Summer Lawn 3Adjust your mower. A general rule of thumb is to keep your blade at three inches (or slightly higher). This allows the grass to develop deeper roots and maintain moisture.

Limit lawn treatments. Fertilizing, seeding and thatch removal are best done during the fall or spring. Instead, focus on keeping foot and vehicle traffic off your lawn during the hot months.

Watch your watering. During the summer, water deeply and less frequently. Also, try to water as early as possible to reduce evaporation and prevent fungal growth.

Know when to admit defeat. If your lawn goes brown and dormant, resist the temptation to douse it with ridiculous amounts of water. At that point, you’re better off leaving it alone and letting it recover naturally in the fall.

Hopefully these few simple suggestions help you keep your lawn green and lush this summer season. If you’re looking for more ideas, view our sprinkler and drip irrigation systems at

Managing Vegetable Gardens

About this time of year most people have their vegetables planted, whether they be in beds or grow boxes.  Now comes the task of managing these plants so they yield the crops you want.  Taking care of a vegetable garden isn’t too difficult.  A few simple steps will allow you to have healthy plants with as little effort as possible.

CarrotsSince we’ve already set up the drip or spray irrigation system for the plants, they watering should be taken care of.  However, as the season changes and weather gets warmer—and sometimes dryer—you’ll need to adjust your watering output as well.  That can be done in a manner of ways.  The easiest is probably to adjust the amount of time the sprinklers run to get more water on the plants.  You can do this by changing the program timer, or even simpler, if your timer has a budget feature you may just move that up a few clicks.  Signs of too little water are excessively dry soil, dried or discolored leaves, wilting stems and roots growing near the surface.  As with most plants, it’s better to water deep than to water frequently.  Deep watering promotes healthy roots, and thus healthy plants and more veggies.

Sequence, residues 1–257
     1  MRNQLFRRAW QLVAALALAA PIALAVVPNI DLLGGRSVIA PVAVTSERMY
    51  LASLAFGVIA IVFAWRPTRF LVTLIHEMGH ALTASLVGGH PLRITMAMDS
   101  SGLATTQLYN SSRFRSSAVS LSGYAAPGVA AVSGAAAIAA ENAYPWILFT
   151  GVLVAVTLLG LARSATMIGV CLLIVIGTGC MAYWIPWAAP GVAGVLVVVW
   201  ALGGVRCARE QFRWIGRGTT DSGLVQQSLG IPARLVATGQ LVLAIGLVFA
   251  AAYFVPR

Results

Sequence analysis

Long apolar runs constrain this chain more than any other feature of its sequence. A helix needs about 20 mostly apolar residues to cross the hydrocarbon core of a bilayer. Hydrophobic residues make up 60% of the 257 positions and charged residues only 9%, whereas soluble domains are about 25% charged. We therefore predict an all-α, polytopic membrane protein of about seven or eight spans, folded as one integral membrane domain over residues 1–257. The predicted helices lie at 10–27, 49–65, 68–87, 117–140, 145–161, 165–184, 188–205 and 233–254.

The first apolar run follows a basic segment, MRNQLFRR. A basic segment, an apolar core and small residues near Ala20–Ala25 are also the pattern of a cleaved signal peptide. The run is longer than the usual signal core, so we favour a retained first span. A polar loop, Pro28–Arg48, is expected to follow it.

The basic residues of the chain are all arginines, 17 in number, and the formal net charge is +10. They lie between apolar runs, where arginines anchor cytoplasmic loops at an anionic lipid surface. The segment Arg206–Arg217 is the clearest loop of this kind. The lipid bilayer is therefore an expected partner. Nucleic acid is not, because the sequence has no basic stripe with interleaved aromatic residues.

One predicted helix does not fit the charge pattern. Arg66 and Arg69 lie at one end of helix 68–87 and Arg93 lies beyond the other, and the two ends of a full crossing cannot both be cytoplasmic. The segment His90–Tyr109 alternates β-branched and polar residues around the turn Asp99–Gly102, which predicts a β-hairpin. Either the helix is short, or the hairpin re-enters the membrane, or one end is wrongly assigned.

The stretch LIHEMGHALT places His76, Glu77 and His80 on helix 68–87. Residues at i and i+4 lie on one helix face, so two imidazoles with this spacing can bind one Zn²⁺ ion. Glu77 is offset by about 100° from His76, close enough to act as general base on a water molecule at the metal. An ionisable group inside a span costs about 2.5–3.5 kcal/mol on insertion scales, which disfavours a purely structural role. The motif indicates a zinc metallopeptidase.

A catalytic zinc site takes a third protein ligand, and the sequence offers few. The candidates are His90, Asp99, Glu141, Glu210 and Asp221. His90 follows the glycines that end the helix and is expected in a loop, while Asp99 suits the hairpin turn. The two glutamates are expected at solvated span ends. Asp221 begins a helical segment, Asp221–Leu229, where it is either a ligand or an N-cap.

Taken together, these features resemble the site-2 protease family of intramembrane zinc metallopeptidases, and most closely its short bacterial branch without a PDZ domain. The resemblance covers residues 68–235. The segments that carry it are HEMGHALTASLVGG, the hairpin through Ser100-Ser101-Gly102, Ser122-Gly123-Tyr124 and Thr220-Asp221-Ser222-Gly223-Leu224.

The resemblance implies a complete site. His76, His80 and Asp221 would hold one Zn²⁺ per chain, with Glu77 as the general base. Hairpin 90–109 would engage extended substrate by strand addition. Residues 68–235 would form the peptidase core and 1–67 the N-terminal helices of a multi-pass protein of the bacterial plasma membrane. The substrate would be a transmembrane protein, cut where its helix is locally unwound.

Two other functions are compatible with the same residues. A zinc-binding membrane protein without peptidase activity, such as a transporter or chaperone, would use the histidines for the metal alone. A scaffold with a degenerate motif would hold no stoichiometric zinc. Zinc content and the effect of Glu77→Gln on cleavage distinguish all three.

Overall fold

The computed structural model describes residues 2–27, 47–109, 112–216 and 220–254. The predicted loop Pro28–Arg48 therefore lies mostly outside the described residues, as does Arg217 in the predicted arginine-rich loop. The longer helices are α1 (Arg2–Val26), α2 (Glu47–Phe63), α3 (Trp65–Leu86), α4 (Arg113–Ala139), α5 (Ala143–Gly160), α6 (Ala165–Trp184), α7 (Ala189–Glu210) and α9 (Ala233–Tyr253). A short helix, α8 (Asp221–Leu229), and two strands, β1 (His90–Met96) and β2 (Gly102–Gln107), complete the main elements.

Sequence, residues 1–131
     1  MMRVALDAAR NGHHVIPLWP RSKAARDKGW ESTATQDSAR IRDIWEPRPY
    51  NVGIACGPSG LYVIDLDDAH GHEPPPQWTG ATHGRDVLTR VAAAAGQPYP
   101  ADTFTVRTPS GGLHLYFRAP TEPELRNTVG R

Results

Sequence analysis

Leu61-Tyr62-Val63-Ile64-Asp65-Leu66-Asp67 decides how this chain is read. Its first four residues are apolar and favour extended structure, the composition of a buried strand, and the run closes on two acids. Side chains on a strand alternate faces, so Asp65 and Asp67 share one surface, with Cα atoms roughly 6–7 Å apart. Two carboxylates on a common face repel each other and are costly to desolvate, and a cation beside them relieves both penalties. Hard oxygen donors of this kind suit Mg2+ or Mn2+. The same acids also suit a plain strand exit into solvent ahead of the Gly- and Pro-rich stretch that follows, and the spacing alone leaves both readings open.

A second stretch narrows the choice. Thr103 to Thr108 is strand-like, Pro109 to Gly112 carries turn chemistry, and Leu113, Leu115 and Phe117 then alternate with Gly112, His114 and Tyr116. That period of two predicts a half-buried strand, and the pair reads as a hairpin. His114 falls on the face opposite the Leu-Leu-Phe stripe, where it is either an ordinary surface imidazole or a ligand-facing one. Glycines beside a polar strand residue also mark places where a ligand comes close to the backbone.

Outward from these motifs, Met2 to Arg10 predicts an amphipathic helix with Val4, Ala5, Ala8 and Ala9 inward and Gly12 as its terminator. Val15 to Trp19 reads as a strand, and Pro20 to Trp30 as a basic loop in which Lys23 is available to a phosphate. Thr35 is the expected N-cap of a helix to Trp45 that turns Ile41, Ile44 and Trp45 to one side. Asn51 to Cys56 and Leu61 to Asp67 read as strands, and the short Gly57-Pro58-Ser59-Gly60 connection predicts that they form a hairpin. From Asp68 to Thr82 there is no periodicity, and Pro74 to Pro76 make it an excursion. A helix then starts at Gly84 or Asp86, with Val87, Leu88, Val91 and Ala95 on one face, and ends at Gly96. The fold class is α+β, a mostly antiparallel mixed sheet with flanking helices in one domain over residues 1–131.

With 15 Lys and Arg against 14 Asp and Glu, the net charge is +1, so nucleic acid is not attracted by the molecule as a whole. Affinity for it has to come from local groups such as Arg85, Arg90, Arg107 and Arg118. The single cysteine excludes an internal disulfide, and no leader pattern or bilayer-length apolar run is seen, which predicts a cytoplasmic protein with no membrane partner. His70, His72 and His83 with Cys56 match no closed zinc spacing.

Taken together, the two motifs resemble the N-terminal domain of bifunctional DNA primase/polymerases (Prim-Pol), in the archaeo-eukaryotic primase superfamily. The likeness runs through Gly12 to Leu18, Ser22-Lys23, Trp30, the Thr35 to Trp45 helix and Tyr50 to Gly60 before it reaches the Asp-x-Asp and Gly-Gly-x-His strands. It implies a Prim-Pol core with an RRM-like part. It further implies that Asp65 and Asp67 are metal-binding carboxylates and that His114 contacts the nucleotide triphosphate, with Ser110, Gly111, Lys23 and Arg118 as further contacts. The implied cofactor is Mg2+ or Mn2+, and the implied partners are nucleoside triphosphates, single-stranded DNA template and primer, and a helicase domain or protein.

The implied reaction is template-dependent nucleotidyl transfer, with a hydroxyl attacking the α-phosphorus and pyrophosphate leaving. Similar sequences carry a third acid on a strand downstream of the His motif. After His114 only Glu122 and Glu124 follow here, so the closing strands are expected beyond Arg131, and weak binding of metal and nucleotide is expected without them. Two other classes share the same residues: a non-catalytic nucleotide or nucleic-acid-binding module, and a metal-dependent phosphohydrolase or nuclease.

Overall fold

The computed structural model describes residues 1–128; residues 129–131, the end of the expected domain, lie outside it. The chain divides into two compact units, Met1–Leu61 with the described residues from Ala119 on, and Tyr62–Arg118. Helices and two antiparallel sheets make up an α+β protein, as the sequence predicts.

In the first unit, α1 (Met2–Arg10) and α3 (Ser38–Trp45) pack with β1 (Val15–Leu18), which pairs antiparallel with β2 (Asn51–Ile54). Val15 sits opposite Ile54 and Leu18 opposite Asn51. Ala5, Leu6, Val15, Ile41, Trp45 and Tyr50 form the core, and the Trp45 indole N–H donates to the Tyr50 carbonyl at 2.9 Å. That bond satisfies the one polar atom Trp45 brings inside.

Next, getting plants nutrients by using either fertilizer and plant food, or simply composting the area for a more organic approach.  Don’t overdo it.  An inch or two is usually more than enough.  And while cultivating it into the soil is tempting, you might accidentally hurt the plant’s root system, so just leave it on the surface.

Finally, check for diseases and insects.  The signs are pretty noticeable: chewed up leaves, vegetables with holes burrowed into them and many other gross things.  Pesticides are the easiest way but some may be aiming for organic vegetables.  In this case there are plenty of natural ways to prevent and control insects in your garden.

Staying on top of these things usually doesn’t take much time and the results are well worth it.  We invite you to share some of your tips and success stories with us via social media, via Twitter or Facebook.  And keep your questions coming as we’re always looking for new ways to help our customers get the most out of their homes and gardens.